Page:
Serial No:              KB994                  Mark:    X          Known Op's:  0

Current Location: Sandtoft Airfield, North Doncaster, Yorkshire, England

Current Status:     Rear Fuselage Under Restoration

Nickname:              None Traced

Service History:

To UK 6-45, 408 Sqn, RCAF EQ-K, Returned CDN 15-6-45, 664 (Heavy Bomber) Wing, Greenwood, Nova Scotia for Tiger Force, No. 2 Air Command del'd 6-45, Stored at Pearce, Alberta, Placed in to long term stroage at Claresholm, Alberta.

SOC at Penhold, Alberta, Purchase by Mr. Loenhardt, To Drumheller, To Pigeon Lake, Alberta. C.1960, Acquired by 408 Sqn, RCAF, Edmonton. Sold to Mr. Charles Church and shipped to UK. Sold to Mr. Kermit Weeks and shipped to Florida, USA to be restored to flying condition.

Comments:

 

22/1/1947: a/c was SOC at Claresholm, Alberta.  An advertisement in his local paper drew the attention of Drumheller area farmer Victor Leonhardt who read that the Canadian Government War Assets Corporation was selling Lancaster Bombers at Penhold, Alberta. Victor drove to Penhold, placed a bid of $350 and returned home the owner of a World War II bomber. He made plans to tow the aircraft along the ice of the Red Deer River to his farm near Drumheller. This idea and the ice proved to be somewhat unstable, so KB994 was taken apart and trucked to Drumheller where is was reportedly broken up for parts.

 

c.1963: Mr. Leonhardt sold his farm and moved to Pigeon Lake, Alberta, towing his Lancaster behind him. A decade later, and after having used many of the parts of the aircraft for other purposes, Leonhardt sold the aircraft to Neil Menzies of St. Albert, Alberta for $1500. Over the next ten years, Menzies searched for missing parts, locating two engines in Drumheller and two wings in Le Pas, Manitoba. Soon the price of the bomber began to rise as people from all over the world sought to buy the aircraft. Menzies turned down all offers until 1984.

 

07/1984, No. 408 Squadron, which had become a tactical helicopter squadron and was based at CFB Namao in Edmonton, Alberta held a reunion that was attended by over four hundred veterans. Under the leadership of Lt. Col. Murray Lee, a project had been started to acquire and restore a Lancaster in the markings of No. 408 Squadron. Neil Menzies had donated the fuselage of KB994 to the squadron, together with all the additional parts he had acquired. The Squadron arranging for the fuselage to be move to CFB Namao by helicopter. On 27 July, 1984 over four hundred men of No. 408 Squadron drank a toast next to the wingless, dilapidated KB994. One of the veterans was ex W/C N.W. Timmerman, who was first given command of the squadron at Lindholme, Yorkshire, England in June, 1941 and the man who gave the squadron the name "Goose" and the motto, "For Freedom." Unfortunately the next commanding officer that took over No. 408 Squadron lacked the enthusiasm for the project that Lt. Col. Lee had demonstrated and according to one ex-408 member, "strictly forbade" any effort towards the project. The fuselage, bomb-bay doors, and other parts languished around No. 408's hangar for a time until the late 1980's when the aircraft was returned to Neil Menzies.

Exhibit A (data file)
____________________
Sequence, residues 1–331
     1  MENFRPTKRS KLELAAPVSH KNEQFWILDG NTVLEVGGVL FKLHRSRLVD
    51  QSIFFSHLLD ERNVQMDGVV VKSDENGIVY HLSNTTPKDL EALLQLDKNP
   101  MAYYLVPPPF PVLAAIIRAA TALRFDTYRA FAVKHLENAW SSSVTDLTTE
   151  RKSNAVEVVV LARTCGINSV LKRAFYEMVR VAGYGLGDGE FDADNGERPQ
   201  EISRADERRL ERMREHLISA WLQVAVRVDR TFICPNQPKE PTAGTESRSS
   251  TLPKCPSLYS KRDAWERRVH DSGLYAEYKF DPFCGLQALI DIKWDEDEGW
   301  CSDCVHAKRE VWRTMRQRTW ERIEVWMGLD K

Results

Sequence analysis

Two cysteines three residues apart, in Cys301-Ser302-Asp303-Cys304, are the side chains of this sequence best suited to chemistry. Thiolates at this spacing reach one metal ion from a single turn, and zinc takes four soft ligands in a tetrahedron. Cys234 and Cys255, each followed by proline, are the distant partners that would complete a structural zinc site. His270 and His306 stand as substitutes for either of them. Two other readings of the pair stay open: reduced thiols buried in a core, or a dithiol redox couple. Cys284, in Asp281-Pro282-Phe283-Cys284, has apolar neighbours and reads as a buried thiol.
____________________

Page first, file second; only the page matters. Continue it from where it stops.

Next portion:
c.1988-1990 Mr. Menzies subsequently sold the aircraft to Charles Church, a private collector in Manchester, England who was planning to make use of it as well as parts from Lancaster KB976 (G-BCOH) which he had previously acquired. Most of what remained of KB994 was shipped to England. For some reason the two bomb-bay doors remained. Later they were donated to the Calgary Aero Space Museum for the restoration of their Lancaster FM136. Charles Church was killed while flying a Spitfire. .

 

08/1990: but of the Charles Church Lancaster sold to Mr.  Doug Arnold, Warbirds of GB Ltd, Biggin Hill, for planned rebuild also using Lincoln RF342

 

c.1992: Parts of KB994 and KB976 sold to Mr. Kermit Week of the USA and parts of both aircraft were reportedly shipped in large containers at Kermit's "Fantasy of Flight" in Florida. But other parts of each aircraft appear to have remained in England.

 

04/08/1993: Sold to Aces High Ltd, North Weald, and registered as G-BVBP; stored dismantled, Bedford, Biggin Hill. Fuselage to be used in rebuild of KB976.

 

c.1997: Sold to Mr. David Copley, Imperial Aviation Group, North Coates, 1997 for restoration project.

 

10/2002: Report that the aircraft has been relocated to Sandtoft Airfield, North Doncaster, Yorkshire.

 

Production Data:

Part of the first production batch of 300 aircraft built by Victory Aircraft Limited, Malton, Ontario, Canada. KB700-KB999 (produced 'before' the FM-Serial batch). Packard built Rolls-Royce Merlin 38 engines in the first 75 aircraft; Merlin 224 engines in the subsequent aircraft. Deliveries commenced to Britain 9-43; completed 3-45 (average rate of production, approximately 4 aircraft per week). Victory Aircraft Construction Number 37295

Surviving Lancaster: KB994

 

Last Updated: July 2008